Brick and Stone veneers may develop spalling (that means that the brick or stone or mortar may fall out or crumble). This is especially likely to occur where the walls meet or at the bottom of a wall. One way to slow spalling is to clear any debris from underneath the lowest course of the veneer. Another way to help prevent spalling is keeping vines off the siding. The vines hold onto the mortar, making it weak and they trap moisture next to the house. If cracks or spalling occurs it should be patched or replaced as soon as possible. Mortar less brick will not have the problems that brick and mortar siding does.
Stucco should be watched for cracks. All loose materials should be scraped from the cracks before caulking, and only paint-able caulk should be used.
Vinyl is extremely easy to maintain. From time to time vinyl will have to be washed to eliminate dirt, dust, grass stains, mold or mildew. For heavier stains, vinyl siding can be cleaned with a soft cloth, or soft bristled brush. Since vinyl and its accessories will melt when exposed to significant fire or flame, owners of vinyl siding should take care to keep grills and combustible materials, away from the siding.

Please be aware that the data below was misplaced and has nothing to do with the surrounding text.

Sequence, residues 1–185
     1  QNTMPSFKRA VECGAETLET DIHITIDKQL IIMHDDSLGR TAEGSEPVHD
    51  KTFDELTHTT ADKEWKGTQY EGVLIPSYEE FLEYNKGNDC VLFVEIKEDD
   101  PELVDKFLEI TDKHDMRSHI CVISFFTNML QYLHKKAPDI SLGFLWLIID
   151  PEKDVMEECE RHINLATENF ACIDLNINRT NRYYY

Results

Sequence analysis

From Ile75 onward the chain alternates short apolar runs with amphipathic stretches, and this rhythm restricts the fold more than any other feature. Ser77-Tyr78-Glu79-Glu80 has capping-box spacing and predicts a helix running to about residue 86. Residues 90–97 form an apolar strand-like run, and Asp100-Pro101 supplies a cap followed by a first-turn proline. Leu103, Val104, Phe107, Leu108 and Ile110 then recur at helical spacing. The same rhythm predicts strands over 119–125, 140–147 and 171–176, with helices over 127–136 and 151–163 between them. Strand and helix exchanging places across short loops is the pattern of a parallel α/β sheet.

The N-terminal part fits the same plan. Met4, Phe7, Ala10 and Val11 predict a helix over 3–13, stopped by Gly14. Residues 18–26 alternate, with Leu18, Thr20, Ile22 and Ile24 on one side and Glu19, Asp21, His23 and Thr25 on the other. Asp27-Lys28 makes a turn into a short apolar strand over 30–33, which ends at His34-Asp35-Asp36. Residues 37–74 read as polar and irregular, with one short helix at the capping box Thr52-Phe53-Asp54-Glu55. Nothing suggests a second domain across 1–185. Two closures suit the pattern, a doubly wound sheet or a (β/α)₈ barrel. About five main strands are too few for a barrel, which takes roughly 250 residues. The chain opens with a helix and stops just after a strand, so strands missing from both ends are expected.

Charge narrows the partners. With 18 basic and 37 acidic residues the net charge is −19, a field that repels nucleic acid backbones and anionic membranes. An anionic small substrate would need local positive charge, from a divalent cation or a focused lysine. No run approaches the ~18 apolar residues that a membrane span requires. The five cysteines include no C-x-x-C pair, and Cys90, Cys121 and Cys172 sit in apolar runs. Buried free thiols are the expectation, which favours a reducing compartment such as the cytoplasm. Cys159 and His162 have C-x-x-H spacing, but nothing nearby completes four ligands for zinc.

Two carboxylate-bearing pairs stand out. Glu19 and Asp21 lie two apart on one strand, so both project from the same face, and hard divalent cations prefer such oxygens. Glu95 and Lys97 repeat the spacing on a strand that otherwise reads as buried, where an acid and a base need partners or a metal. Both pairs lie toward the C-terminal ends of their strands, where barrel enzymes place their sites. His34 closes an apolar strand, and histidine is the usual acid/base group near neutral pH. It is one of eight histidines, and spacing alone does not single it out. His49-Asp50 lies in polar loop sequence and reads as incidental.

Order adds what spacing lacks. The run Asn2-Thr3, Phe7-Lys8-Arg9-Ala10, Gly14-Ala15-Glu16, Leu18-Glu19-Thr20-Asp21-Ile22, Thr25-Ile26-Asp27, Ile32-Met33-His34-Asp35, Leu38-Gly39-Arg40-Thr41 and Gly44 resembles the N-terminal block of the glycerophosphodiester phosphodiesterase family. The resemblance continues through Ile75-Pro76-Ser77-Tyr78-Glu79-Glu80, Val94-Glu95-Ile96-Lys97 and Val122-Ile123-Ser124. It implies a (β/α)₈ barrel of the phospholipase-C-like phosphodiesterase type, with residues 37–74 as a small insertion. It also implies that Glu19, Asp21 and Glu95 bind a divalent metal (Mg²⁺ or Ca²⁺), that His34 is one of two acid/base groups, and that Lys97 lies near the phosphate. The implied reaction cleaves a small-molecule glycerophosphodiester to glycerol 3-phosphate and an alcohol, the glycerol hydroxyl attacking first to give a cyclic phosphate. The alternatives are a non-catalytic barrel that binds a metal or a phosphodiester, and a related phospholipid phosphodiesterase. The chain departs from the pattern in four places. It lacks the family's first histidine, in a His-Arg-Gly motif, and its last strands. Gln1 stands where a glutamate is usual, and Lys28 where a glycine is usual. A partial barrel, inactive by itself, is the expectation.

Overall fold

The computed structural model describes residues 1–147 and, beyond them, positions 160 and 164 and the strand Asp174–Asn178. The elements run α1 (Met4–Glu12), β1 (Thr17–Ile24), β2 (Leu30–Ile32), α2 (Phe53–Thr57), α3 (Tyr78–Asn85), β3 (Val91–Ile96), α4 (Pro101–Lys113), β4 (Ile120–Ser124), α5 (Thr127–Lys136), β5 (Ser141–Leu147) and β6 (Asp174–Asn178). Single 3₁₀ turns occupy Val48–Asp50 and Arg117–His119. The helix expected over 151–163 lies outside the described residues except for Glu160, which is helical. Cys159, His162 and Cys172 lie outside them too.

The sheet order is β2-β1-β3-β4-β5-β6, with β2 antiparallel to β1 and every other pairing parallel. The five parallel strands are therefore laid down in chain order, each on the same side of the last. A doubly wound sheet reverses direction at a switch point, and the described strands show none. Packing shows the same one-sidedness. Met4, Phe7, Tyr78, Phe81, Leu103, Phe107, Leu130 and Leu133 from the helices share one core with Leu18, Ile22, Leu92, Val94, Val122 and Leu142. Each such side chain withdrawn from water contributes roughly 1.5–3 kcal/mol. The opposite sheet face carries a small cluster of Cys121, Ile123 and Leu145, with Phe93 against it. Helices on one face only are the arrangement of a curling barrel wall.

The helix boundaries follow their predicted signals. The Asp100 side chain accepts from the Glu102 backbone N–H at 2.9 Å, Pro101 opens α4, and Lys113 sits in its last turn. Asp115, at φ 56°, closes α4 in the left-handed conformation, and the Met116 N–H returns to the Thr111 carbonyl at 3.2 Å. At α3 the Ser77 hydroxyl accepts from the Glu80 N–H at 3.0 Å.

Aluminum is easily maintainable for the first few years. After that, the color may fade, blister, or crack. It should be watched for dents, which should either be repainted or the panel should be replaced. Aluminum may need to be cleaned, but pressure-washing aluminum should first be done with low pressure. If that doesn't seem to be making the area clean, do a higher power test wash on an area that is less visible. The test wash is important because some pressure washers create enough pressure to break the siding. It is best to use biodegradable detergent and hose it off with a light spray.
Plywood siding can expand and contract at different rates than the framing it is attached to. This can cause nails to pull out; joints to pull apart and siding may fall off. Keep the surface finishes fresh or the plywood siding will deteriorate. Once the warping starts the grooves in the plywood will split, allowing even more water to penetrate until the siding actually pushes away from the under ply.
© 2007 BMR Homes, Inc.